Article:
Creative Commons License photo credit: joelogon

Last month, I wrote about the 10th anniversary celebration over at, a site that I launched on April 6, 2001. In brief summary, this is what we did to celebrate:

  • Launched a special, dedicated section of our website, with an RSS feed and added a special section to our forums (for a limited time).
  • Celebrated over a 10 day period, in honor of it being the 10th anniversary.
  • I wrote a series of 34 text articles, 3 of which including substantial writing from other people and more than half of which included interviews that I conducted with people.
  • The bulk of those 34 articles were the naming of the Top 25 Authors of the Era (2001-2011). This series required me to pour over a staggering amount of data collected over the last 10 years.
  • Each text article received a thread in our forums where people could discuss it.
  • I posted few announcements about the event, which were then posted to our main page and sent to our mailing list.
  • We hosted a special, 3 hour livestream party, where we talked about the history of the site, brought on a few guests and interacted with the chat room. It was co-hosted by Jared W. Smith, a former Support Team member who is now the Webmaster for ReadWriteWeb, and Jonathan Bailey of Plagiarism Today helped out with technical issues. This show was recorded and will be released as a podcast.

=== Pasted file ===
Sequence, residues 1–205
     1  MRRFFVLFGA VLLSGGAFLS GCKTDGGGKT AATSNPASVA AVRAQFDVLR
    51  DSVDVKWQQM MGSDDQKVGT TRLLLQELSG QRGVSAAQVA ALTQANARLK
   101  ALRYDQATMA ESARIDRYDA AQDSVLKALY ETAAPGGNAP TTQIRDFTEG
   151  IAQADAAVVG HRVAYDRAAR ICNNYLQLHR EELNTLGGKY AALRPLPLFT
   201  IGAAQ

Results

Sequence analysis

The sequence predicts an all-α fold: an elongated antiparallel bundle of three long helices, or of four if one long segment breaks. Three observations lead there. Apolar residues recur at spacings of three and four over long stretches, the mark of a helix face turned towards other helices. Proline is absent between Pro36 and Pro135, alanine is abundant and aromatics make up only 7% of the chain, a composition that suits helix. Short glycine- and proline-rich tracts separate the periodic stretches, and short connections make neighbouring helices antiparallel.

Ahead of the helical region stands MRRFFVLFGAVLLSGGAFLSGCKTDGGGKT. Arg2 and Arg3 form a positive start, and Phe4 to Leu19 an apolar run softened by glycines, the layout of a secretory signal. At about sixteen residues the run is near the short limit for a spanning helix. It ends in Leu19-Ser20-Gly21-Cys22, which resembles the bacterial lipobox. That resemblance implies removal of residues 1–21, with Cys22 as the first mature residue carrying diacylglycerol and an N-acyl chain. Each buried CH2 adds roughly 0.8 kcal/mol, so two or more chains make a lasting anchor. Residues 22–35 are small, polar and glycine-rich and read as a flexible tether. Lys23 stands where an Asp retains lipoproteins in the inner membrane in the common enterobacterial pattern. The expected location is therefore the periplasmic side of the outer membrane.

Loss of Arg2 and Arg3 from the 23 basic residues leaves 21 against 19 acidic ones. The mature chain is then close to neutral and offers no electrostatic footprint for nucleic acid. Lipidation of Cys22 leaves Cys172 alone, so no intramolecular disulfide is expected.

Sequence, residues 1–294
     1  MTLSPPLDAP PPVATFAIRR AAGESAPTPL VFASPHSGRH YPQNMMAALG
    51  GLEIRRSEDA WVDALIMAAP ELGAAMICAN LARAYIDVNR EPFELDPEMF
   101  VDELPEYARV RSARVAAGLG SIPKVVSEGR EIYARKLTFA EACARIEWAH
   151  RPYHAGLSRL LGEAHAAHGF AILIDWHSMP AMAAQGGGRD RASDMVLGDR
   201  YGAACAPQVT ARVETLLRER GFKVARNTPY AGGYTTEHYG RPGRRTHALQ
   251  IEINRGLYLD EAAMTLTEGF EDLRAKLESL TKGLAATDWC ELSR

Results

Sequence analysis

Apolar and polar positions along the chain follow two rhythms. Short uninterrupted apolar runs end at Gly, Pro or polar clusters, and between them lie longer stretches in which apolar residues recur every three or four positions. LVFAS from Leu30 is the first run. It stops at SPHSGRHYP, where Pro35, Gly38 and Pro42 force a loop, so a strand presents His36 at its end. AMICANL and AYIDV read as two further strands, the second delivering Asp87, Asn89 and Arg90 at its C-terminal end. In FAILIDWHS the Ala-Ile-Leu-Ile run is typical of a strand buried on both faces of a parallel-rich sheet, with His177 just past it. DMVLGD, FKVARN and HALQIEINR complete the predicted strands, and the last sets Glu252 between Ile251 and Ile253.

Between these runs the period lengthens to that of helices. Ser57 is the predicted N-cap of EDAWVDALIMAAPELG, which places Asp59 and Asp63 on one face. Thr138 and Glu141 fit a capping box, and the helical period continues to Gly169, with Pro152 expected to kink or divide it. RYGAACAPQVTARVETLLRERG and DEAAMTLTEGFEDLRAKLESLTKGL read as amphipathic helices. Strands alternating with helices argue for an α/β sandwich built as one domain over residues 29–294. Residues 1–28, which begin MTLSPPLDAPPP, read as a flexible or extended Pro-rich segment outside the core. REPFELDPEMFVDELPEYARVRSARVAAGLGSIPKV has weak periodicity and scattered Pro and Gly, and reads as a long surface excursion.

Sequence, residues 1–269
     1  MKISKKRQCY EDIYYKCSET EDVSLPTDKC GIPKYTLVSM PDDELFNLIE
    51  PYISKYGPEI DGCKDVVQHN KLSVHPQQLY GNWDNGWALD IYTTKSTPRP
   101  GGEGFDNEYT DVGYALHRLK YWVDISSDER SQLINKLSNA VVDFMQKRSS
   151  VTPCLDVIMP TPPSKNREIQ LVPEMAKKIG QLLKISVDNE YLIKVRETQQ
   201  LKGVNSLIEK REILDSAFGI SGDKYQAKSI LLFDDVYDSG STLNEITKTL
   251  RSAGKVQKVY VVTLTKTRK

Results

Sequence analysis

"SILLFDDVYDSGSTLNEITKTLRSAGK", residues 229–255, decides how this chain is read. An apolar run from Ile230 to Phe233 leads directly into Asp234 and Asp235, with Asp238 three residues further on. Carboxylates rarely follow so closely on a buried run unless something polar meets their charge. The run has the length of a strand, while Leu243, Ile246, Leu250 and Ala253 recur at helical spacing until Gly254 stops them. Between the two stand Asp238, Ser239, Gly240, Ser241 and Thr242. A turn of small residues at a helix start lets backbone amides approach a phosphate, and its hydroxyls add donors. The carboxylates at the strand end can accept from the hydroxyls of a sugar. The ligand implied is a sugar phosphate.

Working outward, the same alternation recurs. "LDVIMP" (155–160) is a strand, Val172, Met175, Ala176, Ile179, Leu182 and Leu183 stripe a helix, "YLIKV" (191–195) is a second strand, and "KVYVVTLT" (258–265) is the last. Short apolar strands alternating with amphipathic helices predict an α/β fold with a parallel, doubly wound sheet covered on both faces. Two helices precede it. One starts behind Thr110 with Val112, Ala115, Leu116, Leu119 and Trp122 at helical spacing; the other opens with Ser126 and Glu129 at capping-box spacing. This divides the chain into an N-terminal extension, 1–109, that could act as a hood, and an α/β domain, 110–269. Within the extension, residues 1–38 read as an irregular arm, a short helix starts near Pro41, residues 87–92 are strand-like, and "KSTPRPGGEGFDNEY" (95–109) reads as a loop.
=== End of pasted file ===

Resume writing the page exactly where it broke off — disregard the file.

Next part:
• The celebration was promoted with a graphic link in our header on all pages and a large box at the top of our homepage. It was also mentioned on our Facebook page.

In all, I would estimate that the planning and development, in advance of the launch of the celebration, took around 30-40 hours. I then had to write and release features each day of the 10 days and host the livestream, in addition to other things.

During this 10 day stretch, I would say that I worked on it for an average 4 hours per day. And then, afterward, cleaning up and setting some of it up for archival purposes probably took me another 2 hours. I probably have another 2 hours ahead of me releasing the podcast and handing some other business.

Add it all up and it comes to an estimated 74-84 hours of my time, to celebrate the 10th anniversary of So, one could say that I invested a whole work week in the event. Let’s talk about some lessons that we can take away from it.

You Only Get to Celebrate Turning 10 Once

March was a crazy month for me and, as the date grew closer, I started to have second thoughts about celebrating in such an elaborate way.  For most years, I had posted an announcement where I noted the occasion and thanked people. As the date loomed, that option only became more appetizing.

But, every time that thought entered my mind, I countered it with this: you will only turn 10 once. This community, including myself, has come a long way and it deserves more for this occasion.

So, I made it work. I’m not sure how, but between family commitments, SXSW, normal work and other things being thrown on my shoulders, I managed to pull it together in the final week. And, looking back, I’m so glad I did. 10 years is huge and you only hit it once! Make it count. Make it matter.

Do Yourself Justice

My grandfather had a saying: “self praise stinks.”